10 August 2021
30 kms (18.5 miles)
Some moments in time are fleeting – a brief pause, a stuttering breath, or a whirlwind of events that pass so fast you wonder what just occurred. Sometimes you know the moment will be fleeting and you engage with it fully knowing it will not last. Other fleeting moments hold some pregnant pause of potential but slip on by before giving birth which leaves you to wonder just what might have been.
Freedom of movement in Australia has been a rather fleeting thing since the start of COVID. International borders were slammed shut, as if we saw the virus coming and rolled up the drawbridge and retreated to the confines of the castle.
State borders open and close with the same frequency of legs in a red-light district. The mere whiff of a new case sparks yet another lockdown. A new case can be announced at a 10am news conference and the lockdown will start that evening. It makes planning anything at all absolutely impossible.
And so it goes. Australia has the OECD’s worst vaccine roll-out. We sit right down at number 50. Our federal government has thoroughly botched the acquisition and distribution of vaccines – selling out the population for the cheapest option and not having a Plan B when the cheap-o option started killing people. Eight months into the year, and the government which claimed that ‘vaccination is not a race’, has not lifted its game. The vacuous, wishy-washy, indeterminate decision-making, if it can be called that, of the Prime Minister makes him look like he has the leadership skills of a mutinied ship captain. Could you really do any worse? Well, not in the OECD countries.
And so the lockdowns remain necessary while the population is still predominately unvaccinated and vulnerable to the super speedy delta variant. Everyone in Victoria can tell you just exactly what IS and IS NOT within a 5km radius of their home, since that is the distance you are allowed to travel for essential items while in lockdown.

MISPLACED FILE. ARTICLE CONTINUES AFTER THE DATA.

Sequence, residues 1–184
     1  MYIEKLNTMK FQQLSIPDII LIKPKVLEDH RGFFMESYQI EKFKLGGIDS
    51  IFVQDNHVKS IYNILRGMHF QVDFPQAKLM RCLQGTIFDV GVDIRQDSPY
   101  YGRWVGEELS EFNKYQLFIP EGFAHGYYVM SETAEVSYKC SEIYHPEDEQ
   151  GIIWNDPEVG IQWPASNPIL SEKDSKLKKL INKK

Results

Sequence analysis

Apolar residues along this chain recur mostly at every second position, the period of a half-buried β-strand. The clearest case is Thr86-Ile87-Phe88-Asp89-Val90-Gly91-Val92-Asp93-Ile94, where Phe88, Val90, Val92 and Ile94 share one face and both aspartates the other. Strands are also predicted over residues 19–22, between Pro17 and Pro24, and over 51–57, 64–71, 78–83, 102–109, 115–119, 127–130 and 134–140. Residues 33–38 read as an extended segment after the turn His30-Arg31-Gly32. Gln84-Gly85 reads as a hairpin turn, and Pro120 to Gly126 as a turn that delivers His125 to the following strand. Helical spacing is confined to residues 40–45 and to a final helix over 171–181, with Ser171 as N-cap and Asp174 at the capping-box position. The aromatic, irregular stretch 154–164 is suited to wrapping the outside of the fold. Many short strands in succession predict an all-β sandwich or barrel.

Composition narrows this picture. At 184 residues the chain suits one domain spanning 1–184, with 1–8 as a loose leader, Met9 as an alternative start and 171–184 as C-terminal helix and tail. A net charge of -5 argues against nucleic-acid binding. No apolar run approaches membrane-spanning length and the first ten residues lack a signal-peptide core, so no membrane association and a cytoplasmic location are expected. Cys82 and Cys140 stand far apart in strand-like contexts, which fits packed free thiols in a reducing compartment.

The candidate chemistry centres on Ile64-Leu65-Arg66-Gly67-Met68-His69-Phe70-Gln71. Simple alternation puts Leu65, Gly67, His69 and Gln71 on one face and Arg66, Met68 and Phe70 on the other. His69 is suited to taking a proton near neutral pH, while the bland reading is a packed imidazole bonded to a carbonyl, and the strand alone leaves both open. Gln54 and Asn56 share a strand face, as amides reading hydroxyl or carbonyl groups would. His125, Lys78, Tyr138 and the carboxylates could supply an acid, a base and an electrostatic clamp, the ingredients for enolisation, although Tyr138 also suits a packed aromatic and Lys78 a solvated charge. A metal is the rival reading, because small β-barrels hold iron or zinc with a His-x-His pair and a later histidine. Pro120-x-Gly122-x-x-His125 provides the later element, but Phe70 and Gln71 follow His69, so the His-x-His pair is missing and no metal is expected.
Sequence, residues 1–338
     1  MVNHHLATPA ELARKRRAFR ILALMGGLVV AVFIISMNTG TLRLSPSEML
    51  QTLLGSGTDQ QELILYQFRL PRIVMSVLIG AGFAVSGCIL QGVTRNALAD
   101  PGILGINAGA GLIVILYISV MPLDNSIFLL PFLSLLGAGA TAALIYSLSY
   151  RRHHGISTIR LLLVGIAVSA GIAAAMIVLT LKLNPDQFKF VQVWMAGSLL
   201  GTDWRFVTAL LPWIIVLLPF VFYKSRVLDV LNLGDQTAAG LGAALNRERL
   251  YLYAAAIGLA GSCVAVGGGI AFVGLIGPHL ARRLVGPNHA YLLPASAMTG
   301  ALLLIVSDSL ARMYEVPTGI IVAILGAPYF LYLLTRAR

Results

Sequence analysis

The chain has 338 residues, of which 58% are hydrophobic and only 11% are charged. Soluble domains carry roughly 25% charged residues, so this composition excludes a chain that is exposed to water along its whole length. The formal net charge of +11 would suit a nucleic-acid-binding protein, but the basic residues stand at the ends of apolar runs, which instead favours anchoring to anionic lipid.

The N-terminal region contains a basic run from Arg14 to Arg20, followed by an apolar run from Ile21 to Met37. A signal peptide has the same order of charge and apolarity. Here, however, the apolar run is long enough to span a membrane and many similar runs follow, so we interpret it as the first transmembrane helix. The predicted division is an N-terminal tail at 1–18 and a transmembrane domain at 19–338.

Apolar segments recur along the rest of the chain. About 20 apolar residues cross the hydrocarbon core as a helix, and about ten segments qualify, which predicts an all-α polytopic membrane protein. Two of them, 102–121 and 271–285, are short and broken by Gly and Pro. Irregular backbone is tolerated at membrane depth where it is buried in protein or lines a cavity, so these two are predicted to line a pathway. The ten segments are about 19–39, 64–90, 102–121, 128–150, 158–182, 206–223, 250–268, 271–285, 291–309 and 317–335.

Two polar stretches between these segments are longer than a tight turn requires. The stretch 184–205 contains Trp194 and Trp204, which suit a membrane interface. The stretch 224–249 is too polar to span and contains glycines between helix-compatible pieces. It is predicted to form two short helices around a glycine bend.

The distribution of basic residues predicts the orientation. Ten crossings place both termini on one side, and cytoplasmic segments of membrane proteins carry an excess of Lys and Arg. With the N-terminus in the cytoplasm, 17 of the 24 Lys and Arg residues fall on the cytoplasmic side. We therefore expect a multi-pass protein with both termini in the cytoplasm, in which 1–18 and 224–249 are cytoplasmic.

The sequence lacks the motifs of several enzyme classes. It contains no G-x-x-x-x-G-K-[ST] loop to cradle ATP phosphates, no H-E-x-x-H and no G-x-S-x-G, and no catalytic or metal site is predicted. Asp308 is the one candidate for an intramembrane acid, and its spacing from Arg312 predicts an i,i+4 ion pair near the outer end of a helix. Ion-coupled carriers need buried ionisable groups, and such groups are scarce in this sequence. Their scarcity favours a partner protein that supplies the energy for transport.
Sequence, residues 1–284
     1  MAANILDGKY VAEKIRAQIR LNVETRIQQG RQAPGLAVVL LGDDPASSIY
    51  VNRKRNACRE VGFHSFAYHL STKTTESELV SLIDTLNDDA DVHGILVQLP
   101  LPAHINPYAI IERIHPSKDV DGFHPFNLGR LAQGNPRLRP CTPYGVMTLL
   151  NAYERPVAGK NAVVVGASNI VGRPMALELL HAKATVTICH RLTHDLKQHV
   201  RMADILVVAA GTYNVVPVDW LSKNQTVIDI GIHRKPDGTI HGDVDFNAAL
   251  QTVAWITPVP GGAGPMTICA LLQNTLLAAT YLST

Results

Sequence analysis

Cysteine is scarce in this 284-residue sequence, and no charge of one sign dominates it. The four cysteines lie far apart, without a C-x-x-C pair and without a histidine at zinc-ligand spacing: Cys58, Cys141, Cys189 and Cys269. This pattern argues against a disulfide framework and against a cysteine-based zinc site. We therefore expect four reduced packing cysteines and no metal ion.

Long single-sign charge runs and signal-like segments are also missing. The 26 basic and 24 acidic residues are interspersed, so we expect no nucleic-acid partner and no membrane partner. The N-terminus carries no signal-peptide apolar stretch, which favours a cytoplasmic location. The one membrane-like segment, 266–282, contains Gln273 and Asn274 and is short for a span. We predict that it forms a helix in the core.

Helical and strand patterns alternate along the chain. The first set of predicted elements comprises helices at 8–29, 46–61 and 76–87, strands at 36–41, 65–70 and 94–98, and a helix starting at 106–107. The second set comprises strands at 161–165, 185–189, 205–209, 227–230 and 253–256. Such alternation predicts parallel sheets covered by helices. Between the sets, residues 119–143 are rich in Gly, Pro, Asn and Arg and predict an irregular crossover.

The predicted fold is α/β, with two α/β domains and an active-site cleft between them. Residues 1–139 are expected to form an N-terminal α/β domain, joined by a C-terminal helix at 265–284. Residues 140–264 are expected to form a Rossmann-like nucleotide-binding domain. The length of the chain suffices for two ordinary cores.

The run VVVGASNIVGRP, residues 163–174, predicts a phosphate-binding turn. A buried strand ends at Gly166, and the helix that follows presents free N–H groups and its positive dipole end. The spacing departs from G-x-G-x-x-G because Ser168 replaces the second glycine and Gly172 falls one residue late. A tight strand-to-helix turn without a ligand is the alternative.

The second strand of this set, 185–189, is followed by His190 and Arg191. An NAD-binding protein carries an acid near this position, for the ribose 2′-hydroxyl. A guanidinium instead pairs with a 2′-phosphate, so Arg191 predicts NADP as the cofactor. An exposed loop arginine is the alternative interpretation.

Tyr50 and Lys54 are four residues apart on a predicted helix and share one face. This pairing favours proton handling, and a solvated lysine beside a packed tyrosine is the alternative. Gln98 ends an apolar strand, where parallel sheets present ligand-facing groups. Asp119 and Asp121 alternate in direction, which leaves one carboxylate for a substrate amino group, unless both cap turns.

So Tuesday morning dawns, four days into the 6th lockdown (3rd this year) of COVID. But, what is this? Regional Victoria is being released from lockdown early! There are no cases outside of Melbourne (my area has never had community transmission, and the last person from our area to pick up the virus in Melbourne and come home with it was more than a year ago). So we are free!!
‘Tis a fleeting moment for sure. That delta variant is speedy and sneaky and Sydney is leaking cases like a sieve. Our freedom won’t last, but knowing that fact means we won’t let the moment pass without making the most of it.
GOAL – PEAK 3 – MAHERS HILL – 28 kms
Our plan today includes going to pick up another one of our “seven peaks” that is outside of my 5km radius. Let’s go grab it while we can!! This one is 13 kms east of us.
Two weeks of heaps of glutamine and slippery elm bark translate into considerably less nausea, a cessation of vomiting and the ability to eat a bit more in one sitting. The pain is still there and constant but not as intense most of the time. I can sit for about two hours now before the pain gets bad enough to want to lie down.
So I’m keen to head off on the bike and see how that goes. I haven’t been able to ride in weeks, and I really, really need my fix.
It’s cool but not cold. There’s a light breeze. The sun angle is increasing and it is certainly starting to feel like spring. I saw the first cherry blossoms yesterday and there are magnolias all over just ready to burst.
We’re heading out on the rail trail – I think flat-ish will be okay for my guts. To be on the safe side, I haven’t eaten anything today, so there will be nothing but water to puke. A banana is packed away to eat at the summit if I feel like it.
There are a couple of walkers on the rail trail but once we reach the edge of Wodonga, I have the trail to myself. We make our way through Killara – another growth area that I cannot understand why people would want to live there (it’s got lots of pollution from the army activities, frequently stinks from the compost plant, and also frequently stinks like sewer). The homes are all on tightly bunched blocks set back from the main highway just above the river floodplain.